He started working as a radio announcer for the Canadian Broadcasting Corporation (CBC) after graduating. He rose to become the anchor of CBC National News. He was known as “The Voice of Canada” at CBC. But because of his deep, powerful voice, which he used to proclaim the list of World War II dead, many listeners dubbed him “The Voice of Doom.”

He also provided the narration for National Film Board of Canada documentaries at CBC, including “Fighting Norway” in 1943 and “Churchill’s Island” in 1941.

He founded the Academy of Radio Arts, a training facility for authors, actors, directors, and production staff, in Toronto in 1945. James Doohan of Star Trek renown, Leslie Nielsen of TV and cinema, and Gordie Tapp of TV and writing were some of the school’s alumni.

He played the title part in an hour-long dramatization of Shakespeare’s “Othello” in 1953. He made his Hollywood debut in the 1954 film “The Silver Chalice.” He appeared in a “You Are There” episode from 1955.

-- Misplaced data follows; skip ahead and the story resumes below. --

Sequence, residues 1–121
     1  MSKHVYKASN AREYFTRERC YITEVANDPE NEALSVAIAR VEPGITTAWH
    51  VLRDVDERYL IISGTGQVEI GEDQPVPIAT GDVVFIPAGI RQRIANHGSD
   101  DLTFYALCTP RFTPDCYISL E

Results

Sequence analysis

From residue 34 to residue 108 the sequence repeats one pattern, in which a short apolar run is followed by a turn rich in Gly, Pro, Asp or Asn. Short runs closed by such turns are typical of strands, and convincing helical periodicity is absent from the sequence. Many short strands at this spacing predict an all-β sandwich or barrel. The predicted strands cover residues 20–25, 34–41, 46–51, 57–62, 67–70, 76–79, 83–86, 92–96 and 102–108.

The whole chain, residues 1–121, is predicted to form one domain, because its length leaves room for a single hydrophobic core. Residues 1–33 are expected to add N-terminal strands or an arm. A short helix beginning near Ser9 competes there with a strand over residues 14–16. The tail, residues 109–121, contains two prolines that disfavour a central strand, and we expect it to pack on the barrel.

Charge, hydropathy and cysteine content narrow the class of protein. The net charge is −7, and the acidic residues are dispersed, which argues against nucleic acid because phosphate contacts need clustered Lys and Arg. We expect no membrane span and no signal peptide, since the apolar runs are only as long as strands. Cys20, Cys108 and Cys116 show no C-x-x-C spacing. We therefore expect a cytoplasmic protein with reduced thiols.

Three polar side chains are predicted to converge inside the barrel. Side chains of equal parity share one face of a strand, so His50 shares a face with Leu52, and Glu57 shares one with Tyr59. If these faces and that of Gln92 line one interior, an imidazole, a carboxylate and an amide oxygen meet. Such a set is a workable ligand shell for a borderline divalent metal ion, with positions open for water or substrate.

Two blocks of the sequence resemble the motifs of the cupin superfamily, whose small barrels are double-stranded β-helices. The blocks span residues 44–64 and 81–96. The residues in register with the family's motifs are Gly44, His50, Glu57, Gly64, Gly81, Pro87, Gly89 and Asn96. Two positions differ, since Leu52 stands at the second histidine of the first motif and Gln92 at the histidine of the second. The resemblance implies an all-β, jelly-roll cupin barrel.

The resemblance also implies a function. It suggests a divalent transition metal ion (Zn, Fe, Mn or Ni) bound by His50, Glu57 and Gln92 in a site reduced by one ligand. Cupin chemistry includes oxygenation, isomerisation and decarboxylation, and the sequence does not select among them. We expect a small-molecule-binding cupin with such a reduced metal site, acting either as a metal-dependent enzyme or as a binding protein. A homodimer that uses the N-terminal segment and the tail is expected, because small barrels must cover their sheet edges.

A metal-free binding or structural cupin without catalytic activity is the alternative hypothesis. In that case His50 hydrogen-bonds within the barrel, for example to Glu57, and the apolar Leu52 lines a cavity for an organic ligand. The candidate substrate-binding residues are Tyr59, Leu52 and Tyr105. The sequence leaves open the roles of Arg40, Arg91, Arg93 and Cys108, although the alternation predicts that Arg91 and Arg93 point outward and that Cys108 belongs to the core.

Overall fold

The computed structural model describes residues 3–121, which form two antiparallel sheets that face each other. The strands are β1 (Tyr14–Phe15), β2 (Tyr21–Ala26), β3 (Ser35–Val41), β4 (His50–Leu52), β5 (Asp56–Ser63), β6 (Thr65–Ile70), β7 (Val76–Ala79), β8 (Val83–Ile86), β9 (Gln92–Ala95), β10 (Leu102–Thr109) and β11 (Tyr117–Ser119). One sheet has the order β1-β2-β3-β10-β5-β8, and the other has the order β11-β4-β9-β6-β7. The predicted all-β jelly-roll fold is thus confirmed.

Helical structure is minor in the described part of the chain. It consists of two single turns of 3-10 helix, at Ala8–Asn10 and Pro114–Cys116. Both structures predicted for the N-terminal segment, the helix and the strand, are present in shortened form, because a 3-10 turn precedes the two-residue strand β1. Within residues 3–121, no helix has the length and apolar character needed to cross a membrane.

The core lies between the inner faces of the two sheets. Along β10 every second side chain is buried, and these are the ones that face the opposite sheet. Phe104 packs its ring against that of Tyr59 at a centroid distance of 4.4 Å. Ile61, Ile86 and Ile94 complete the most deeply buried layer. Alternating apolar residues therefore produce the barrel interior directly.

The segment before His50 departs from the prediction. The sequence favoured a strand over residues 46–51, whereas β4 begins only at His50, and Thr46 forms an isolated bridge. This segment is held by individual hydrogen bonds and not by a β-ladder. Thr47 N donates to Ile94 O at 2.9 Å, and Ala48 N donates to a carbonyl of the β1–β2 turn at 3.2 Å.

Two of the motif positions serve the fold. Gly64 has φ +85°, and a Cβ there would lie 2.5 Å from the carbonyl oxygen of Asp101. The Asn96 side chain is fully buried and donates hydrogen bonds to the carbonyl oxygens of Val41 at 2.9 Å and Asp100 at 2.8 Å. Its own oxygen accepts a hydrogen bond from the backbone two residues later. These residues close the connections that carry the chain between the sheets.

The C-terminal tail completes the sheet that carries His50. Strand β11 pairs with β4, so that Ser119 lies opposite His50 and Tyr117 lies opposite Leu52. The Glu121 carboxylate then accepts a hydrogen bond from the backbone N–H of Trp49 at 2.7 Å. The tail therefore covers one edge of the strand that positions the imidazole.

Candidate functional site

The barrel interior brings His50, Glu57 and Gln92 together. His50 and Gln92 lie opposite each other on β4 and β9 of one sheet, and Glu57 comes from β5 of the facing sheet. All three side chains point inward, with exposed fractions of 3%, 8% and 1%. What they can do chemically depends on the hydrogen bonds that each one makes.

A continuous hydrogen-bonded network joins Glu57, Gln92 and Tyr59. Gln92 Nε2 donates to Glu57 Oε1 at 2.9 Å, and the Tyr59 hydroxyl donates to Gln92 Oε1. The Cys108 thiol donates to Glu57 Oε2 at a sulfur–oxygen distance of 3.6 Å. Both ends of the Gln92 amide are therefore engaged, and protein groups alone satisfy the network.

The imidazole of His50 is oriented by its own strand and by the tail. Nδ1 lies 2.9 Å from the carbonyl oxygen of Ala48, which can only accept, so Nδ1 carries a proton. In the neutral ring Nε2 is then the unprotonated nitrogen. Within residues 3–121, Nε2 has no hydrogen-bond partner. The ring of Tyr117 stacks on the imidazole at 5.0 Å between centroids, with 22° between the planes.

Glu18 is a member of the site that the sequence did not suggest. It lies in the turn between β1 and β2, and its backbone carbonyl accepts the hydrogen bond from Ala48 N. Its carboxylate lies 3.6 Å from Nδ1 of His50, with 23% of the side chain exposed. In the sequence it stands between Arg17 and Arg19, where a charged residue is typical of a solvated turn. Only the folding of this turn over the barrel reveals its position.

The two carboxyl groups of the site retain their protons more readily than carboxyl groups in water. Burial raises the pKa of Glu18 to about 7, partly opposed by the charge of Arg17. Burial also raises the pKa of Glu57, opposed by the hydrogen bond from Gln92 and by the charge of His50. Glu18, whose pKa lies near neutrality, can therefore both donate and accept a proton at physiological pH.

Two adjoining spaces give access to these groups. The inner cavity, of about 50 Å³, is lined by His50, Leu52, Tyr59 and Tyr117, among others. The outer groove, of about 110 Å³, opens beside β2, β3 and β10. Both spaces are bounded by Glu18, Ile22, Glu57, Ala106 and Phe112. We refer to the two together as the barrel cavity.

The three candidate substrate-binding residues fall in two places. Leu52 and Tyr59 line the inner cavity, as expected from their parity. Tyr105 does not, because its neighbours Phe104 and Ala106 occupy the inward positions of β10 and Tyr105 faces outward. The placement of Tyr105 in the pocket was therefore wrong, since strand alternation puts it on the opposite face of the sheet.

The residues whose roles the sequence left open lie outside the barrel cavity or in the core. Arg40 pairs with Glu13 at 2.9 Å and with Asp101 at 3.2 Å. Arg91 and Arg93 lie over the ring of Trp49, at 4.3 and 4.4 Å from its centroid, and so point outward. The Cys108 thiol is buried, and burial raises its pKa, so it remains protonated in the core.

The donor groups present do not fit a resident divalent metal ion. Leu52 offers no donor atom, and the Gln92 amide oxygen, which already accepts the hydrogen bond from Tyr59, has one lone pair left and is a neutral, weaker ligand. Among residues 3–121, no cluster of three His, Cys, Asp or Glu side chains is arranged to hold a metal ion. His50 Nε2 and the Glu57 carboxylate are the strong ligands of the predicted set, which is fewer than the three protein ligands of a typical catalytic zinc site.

In 1953, he appeared in two Broadway musicals by Katharine Cornell: “The Prescott Proposals” and “The Dark is Light Enough.” He appeared in the 1957 American drama movie “Peyton Place.”

He was also chosen as the star of the British-produced, half-hour television series “Sailor of Fortune,” which was shown across the US in 1957. In 1957 and 1958, he worked on two western movies, The Hard Man and The Last of the Fast Guns.

Lorne became well-known thanks to his role as Ben “Pa” Cartwright in the television sitcom “Bonanza,” which debuted on NBC in 1959 and ran for 14 seasons until 1973.

In the 1960s, he produced a number of albums of country-western and folk songs to capitalize on his reputation as Ben Cartwright. His spoken-word ballad “Ringo” hit the charts in 1964.

After “Bonanza” eventually ended in 1973, he joined the ABC crime thriller “Griff,” which starred Wade “Griff” Griffin as a retired police officer who now works as a private investigator. However, due to insufficient viewership, the show was canceled after 13 episodes.